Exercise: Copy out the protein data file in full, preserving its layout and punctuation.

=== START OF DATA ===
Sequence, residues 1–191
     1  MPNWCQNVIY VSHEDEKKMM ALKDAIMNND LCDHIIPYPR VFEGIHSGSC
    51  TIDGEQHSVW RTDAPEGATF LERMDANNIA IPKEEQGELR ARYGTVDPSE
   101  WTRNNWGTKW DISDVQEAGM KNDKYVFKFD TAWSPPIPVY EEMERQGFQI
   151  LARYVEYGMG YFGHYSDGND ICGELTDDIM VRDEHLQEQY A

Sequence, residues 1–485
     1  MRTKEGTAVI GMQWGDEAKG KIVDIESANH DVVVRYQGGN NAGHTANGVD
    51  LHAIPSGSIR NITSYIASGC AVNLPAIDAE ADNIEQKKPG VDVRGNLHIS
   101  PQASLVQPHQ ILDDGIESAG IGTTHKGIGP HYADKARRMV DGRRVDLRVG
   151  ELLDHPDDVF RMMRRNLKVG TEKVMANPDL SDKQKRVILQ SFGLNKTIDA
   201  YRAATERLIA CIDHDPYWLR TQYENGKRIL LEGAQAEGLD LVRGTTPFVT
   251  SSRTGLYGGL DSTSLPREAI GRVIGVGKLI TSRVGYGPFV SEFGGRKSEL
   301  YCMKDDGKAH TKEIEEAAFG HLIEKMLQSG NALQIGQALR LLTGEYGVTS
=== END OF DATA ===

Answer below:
Sequence, residues 1–191
     1  MPNWCQNVIY VSHEDEKKMM ALKDAIMNND LCDHIIPYPR VFEGIHSGSC
    51  TIDGEQHSVW RTDAPEGATF LERMDANNIA IPKEEQGELR ARYGTVDPSE
   101  WTRNNWGTKW DISDVQEAGM KNDKYVFKFD TAWSPPIPVY EEMERQGFQI
   151  LARYVEYGMG YFGHYSDGND ICGELTDDIM VRDEHLQEQY A

Sequence, residues 1–485
     1  MRTKEGTAVI GMQWGDEAKG KIVDIESANH DVVVRYQGGN NAGHTANGVD
    51  LHAIPSGSIR NITSYIASGC AVNLPAIDAE ADNIEQKKPG VDVRGNLHIS
   101  PQASLVQPHQ ILDDGIESAG IGTTHKGIGP HYADKARRMV DGRRVDLRVG
   151  ELLDHPDDVF RMMRRNLKVG TEKVMANPDL SDKQKRVILQ SFGLNKTIDA
   201  YRAATERLIA CIDHDPYWLR TQYENGKRIL LEGAQAEGLD LVRGTTPFVT
   251  SSRTGLYGGL DSTSLPREAI GRVIGVGKLI TSRVGYGPFV SEFGGRKSEL
   301  YCMKDDGKAH TKEIEEAAFG HLIEKMLQSG NALQIGQALR LLTGEYGVTS